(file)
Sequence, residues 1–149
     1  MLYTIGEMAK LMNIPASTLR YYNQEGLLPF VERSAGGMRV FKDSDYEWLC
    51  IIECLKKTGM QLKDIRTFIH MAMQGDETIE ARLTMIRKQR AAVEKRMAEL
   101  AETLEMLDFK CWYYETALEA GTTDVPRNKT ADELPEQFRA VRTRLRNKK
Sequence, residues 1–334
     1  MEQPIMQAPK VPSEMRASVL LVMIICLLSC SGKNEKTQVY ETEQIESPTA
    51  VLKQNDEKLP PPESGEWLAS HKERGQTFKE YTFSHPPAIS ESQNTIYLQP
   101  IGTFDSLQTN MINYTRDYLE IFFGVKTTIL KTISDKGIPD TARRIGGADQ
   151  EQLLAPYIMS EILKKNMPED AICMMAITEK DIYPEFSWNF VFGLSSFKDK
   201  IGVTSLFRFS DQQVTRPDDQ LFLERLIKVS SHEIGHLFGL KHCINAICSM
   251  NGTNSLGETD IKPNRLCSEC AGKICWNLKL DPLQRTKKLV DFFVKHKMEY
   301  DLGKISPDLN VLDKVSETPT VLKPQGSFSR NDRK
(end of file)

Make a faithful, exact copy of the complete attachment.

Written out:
Sequence, residues 1–149
     1  MLYTIGEMAK LMNIPASTLR YYNQEGLLPF VERSAGGMRV FKDSDYEWLC
    51  IIECLKKTGM QLKDIRTFIH MAMQGDETIE ARLTMIRKQR AAVEKRMAEL
   101  AETLEMLDFK CWYYETALEA GTTDVPRNKT ADELPEQFRA VRTRLRNKK
Sequence, residues 1–334
     1  MEQPIMQAPK VPSEMRASVL LVMIICLLSC SGKNEKTQVY ETEQIESPTA
    51  VLKQNDEKLP PPESGEWLAS HKERGQTFKE YTFSHPPAIS ESQNTIYLQP
   101  IGTFDSLQTN MINYTRDYLE IFFGVKTTIL KTISDKGIPD TARRIGGADQ
   151  EQLLAPYIMS EILKKNMPED AICMMAITEK DIYPEFSWNF VFGLSSFKDK
   201  IGVTSLFRFS DQQVTRPDDQ LFLERLIKVS SHEIGHLFGL KHCINAICSM
   251  NGTNSLGETD IKPNRLCSEC AGKICWNLKL DPLQRTKKLV DFFVKHKMEY
   301  DLGKISPDLN VLDKVSETPT VLKPQGSFSR NDRK